IM: We always consider image and sound on the same level – even in this film, which is probably the closest to a documentary, in linguistic terms, that we’ve ever made. We are glad you’re mentioning the recording device: it happened almost by chance in [our previous project] Negus and we decided to replicate this technique in PICO. It’s a very simple gesture but it connects us – and spectators – with the speaker in a magical and intimate way. We love to create complex relations between image and sound, questioning which one is more evident, and why, and challenging these relations.
JCN: We realised that the Afro-Colombian identity and sound needed to be expressed in their own complexities. There were things that had to be told verbally, not just visually, the choral need of telling a story was very present, so we went with that. As both a photographer and a vocal performer, PICO was the perfect platform to invest my feelings into. I can especially recognise myself in the look and the sexuality of the young crowds in Barranquilla during the Guarapo verbenas. On the other hand, I can also see myself on stage, doing vocals over a track. Both are complementary states of shared psychedelia, making it into an experience that never adapted to Western “progress”. I always feel that verbenas are magic rituals that treat pico as a living character but also as a place to meet in a different dimension.
AI: PICO was a collaborative project made in 2017, which expanded into a range of outputs/formats such as the Guarapo compilation published by Honest Jon’s. How have the collaborations initiated through the project continued or developed? Are there any new projects or collaborations that have been borne from the film since then?
JCN: Indeed the Guarapo compilation is a derivative research from the work of PICO in every sense. We came across this music while we were rolling the film in 2015. On a very personal level it was also the beginning of a very intimate collaboration with Harold Montes, with whom I also kept working for commissioned OSTs in my own work as a musician.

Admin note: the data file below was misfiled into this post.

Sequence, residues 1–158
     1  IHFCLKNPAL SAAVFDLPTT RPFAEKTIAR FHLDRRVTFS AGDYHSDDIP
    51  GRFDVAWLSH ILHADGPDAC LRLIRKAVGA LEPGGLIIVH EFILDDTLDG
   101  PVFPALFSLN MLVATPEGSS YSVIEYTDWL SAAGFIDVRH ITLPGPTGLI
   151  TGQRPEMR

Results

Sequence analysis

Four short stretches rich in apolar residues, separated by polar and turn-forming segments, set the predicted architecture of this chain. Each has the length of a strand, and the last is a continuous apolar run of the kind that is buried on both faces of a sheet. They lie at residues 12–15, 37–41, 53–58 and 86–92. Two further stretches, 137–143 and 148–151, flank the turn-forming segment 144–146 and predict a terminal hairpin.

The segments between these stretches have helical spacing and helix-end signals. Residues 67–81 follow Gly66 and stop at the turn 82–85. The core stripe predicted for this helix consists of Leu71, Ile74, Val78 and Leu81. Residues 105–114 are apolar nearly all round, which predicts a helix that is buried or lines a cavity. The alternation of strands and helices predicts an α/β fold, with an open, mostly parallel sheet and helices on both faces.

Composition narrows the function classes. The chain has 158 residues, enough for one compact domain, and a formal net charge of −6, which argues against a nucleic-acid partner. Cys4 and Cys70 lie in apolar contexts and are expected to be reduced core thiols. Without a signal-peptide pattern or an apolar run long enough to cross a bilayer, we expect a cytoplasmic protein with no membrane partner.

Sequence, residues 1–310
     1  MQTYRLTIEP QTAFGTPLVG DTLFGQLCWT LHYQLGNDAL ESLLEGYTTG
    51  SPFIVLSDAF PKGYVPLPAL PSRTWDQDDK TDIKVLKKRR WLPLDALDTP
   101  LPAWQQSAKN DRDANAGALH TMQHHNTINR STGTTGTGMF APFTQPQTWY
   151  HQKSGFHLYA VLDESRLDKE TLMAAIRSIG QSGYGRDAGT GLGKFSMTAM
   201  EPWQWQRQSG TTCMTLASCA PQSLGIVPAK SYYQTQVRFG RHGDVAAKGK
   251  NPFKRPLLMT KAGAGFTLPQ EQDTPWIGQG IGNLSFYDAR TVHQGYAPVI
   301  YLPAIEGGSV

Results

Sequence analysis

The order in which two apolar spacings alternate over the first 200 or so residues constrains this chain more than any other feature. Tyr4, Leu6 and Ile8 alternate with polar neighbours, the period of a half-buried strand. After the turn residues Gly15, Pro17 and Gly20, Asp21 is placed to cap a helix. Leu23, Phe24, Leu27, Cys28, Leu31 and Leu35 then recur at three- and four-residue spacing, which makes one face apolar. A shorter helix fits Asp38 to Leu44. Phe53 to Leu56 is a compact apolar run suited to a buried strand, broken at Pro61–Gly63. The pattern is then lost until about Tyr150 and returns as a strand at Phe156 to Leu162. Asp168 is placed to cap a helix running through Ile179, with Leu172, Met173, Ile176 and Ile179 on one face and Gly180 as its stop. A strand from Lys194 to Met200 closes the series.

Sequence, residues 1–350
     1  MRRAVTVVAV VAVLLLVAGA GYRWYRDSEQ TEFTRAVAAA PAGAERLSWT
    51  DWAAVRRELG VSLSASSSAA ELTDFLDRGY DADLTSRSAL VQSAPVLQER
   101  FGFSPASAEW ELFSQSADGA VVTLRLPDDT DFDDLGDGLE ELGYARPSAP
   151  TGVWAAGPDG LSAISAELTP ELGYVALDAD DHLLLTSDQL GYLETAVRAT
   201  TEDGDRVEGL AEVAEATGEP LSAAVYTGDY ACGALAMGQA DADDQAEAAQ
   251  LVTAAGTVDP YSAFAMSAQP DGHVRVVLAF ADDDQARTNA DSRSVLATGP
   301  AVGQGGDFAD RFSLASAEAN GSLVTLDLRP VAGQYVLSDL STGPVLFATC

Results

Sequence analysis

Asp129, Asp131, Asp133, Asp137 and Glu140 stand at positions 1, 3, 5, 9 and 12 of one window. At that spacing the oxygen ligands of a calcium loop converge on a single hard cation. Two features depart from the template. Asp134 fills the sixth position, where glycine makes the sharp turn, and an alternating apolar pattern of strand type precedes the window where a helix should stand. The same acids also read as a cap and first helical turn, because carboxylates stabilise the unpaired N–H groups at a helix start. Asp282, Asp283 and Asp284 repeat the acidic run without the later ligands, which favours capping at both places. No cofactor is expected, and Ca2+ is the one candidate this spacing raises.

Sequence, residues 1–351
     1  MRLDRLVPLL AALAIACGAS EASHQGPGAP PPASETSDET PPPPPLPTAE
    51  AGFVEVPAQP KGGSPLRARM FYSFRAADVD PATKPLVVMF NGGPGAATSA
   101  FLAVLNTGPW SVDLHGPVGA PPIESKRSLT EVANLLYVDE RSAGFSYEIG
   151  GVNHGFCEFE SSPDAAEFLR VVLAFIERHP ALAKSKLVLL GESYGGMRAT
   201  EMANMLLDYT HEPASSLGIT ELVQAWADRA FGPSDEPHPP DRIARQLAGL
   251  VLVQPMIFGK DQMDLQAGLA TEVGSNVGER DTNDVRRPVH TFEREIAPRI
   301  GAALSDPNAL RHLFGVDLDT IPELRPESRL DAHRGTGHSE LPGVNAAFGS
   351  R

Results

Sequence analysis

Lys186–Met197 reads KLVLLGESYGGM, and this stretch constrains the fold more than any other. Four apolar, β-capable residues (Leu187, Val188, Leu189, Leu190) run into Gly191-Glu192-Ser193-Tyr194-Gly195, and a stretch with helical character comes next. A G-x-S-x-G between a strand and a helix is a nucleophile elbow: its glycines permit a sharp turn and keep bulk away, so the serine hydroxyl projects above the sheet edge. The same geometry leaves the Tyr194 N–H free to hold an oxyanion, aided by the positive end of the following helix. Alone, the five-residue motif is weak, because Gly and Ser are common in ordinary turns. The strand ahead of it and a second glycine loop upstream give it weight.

AI: Several of your projects focus on localised yet globally interwoven phenomena in music as sociocultural practices. International collaboration seems to be the core approach to these projects. This also comes through in the online programme for this exhibition, which facilitated collaborations with other practitioners in a moment of renewed potential for convening networks through online gathering. While hosted online, the theme of ritual also threads itself through the practices of some of the contributing practitioners. Can you speak on this approach to collaboration, of meeting in a different dimension through the central figure of the pico, and maybe through music production of the global African diaspora, in the extended sense? What might these possibilities mean for you moving forward?
JCN: On the occasion of Auto Italia’s online programme the active involvement of local figures has been crucial. Sidney Reyes Reyes, for example, has been a source of inspiration through this whole period of time, as for many Afro-Colombians. This is also true for the work we’re going to show at the Liverpool Biennial in 2021, for which we are collaborating with historians, artists and musicians from Barranquilla and San Basilio de Palenque in order to maintain a constellation of information that keeps the Afro-Colombian identity intact, even if processed by our point of view and imagery.
IM: Collaboration has always been an important aspect of our practice, both offline and online. In the last two years we’ve been working on a project on the Mediterranean called Black Med, assembling a sonic archive that considers a multiplicity of voices and spirits from many different geographies across the protean area of the Mediterranean and beyond. At the same time we are very aware that certain types of rituals need specific conditions in order to happen (the soundsystem, communities, social gathering, etc) so online rituals can sometimes be scarce.
Most of the time we experiment with formats. In the case of Auto Italia’s public programme – as you say – the pico is the totem around which all the contents take shape. Each contribution feeds, or feeds back, the preconditions of the project.